As an openly gay man, Minnesota Republican Senator Paul Koering (pictured) stands on shaky ground. Effectively forced out of the closet after lending his voice to Democrats opposing the proposed gay marriage ban, Koering drew the homophobe spotlight among his constituency, a family-loving, largely Catholic swab of central Minnesota.
Up for reelection, Koering stands to lose the party support in September 12, primary to fellow Republican Kevin Goedker. It’s a nail biter, that’s for sure, but particularly so when you consider the myriad opinions among voters.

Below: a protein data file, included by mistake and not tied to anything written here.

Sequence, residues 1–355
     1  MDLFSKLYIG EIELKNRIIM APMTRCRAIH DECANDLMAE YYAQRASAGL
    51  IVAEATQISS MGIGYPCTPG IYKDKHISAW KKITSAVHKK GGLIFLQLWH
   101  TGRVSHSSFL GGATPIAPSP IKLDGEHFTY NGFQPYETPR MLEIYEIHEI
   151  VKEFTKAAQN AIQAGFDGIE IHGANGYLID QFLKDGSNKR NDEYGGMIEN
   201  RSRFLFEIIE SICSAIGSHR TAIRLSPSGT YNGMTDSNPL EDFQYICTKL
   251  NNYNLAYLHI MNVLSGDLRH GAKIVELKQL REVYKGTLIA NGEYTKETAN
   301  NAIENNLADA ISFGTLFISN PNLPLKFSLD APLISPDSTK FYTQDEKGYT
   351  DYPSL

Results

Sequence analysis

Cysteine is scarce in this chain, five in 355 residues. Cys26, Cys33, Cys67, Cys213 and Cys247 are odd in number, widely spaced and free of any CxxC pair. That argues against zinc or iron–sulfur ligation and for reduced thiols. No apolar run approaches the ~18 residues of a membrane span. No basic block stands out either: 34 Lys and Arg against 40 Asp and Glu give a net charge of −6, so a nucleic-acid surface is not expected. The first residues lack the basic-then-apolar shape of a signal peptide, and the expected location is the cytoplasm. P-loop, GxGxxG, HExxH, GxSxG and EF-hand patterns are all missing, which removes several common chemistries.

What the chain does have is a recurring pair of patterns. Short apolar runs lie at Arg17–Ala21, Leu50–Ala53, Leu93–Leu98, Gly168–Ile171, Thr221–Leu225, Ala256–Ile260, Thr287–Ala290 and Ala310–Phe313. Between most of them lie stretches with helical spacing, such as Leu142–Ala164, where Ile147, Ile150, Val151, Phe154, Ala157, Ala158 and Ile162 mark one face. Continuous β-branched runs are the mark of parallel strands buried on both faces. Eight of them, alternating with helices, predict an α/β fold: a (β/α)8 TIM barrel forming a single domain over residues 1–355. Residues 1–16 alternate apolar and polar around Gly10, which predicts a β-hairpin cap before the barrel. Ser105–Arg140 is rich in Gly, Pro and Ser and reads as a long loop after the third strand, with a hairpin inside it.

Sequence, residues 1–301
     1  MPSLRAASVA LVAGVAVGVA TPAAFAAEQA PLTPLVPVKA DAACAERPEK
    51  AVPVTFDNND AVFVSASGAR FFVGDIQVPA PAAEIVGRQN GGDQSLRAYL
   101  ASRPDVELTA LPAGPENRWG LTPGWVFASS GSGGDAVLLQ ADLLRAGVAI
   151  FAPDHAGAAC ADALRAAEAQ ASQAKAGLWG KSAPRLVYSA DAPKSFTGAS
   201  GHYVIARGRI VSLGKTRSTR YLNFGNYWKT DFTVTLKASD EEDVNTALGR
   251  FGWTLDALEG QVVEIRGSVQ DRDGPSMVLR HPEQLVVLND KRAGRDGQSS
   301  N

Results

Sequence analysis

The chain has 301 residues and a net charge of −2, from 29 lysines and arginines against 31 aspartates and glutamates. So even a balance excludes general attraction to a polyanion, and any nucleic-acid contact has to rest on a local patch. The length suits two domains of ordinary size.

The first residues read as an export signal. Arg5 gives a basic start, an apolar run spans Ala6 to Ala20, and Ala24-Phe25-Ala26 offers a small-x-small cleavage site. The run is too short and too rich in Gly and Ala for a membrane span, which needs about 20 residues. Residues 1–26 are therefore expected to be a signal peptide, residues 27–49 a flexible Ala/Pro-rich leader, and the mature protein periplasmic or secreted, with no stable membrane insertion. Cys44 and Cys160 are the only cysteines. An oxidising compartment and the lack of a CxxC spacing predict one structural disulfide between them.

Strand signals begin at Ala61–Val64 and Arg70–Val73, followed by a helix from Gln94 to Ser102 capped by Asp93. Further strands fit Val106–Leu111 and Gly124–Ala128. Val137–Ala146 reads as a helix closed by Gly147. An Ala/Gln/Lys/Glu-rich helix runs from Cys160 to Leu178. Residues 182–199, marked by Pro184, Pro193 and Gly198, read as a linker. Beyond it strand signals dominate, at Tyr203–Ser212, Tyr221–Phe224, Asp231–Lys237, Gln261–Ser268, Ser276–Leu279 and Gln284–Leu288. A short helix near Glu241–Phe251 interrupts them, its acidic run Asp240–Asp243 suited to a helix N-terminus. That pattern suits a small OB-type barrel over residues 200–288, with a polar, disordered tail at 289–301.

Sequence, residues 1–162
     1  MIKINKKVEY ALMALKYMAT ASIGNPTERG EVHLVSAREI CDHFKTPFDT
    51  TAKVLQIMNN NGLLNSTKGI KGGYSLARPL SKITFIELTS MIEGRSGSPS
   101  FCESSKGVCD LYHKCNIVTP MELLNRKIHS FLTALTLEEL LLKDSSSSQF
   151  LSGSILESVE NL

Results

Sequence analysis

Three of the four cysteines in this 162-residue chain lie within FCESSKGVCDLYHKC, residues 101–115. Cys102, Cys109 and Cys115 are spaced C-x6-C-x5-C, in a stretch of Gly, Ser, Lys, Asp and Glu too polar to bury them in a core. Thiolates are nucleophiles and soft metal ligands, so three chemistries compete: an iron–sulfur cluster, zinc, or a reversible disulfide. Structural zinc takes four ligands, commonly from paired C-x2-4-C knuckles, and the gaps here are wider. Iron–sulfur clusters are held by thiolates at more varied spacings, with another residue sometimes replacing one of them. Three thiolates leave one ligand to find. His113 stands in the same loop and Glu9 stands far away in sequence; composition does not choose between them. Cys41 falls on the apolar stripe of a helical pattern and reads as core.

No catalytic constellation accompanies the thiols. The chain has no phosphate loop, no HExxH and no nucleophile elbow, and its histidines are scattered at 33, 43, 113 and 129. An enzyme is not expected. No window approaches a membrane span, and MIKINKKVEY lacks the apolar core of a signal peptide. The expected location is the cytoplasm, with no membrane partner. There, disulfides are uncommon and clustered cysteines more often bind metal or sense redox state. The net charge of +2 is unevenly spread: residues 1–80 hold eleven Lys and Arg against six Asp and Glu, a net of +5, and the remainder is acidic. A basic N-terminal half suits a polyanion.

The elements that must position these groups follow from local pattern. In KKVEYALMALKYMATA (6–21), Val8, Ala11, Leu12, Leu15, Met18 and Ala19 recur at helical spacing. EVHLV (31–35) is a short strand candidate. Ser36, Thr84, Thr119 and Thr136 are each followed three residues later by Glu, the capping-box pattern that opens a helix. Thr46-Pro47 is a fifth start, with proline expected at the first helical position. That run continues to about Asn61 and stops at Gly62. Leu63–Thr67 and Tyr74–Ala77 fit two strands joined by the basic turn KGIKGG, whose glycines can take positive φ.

According to The New York Blade, Barb Christensen insists, “I would never support someone who was openly gay, just like I would never support someone who was in an adulterous affair, or someone I knew to be dishonest.”
Meanwhile, retiree Milt Halverson pledges his support to Koering: “I think he tried to vote his conscience. I don’t vote for the issues, I vote for the man.”
(Koering, for the record, upholds gun and property rights, loves veterans, and disagrees with abortion.)
According to The Victory Fund, only 325 elected officials out of 511,000 are openly gay, or about .06%. Obviously, we need more openly gay politicians. With Koering’s seat on the line, we ask you what’s more important: openly gay politicians winning seats or stance hot-button issues like abortion?
Gay Republican Tests Party Faithful in Minnesota Primary Fight [The New York Blade]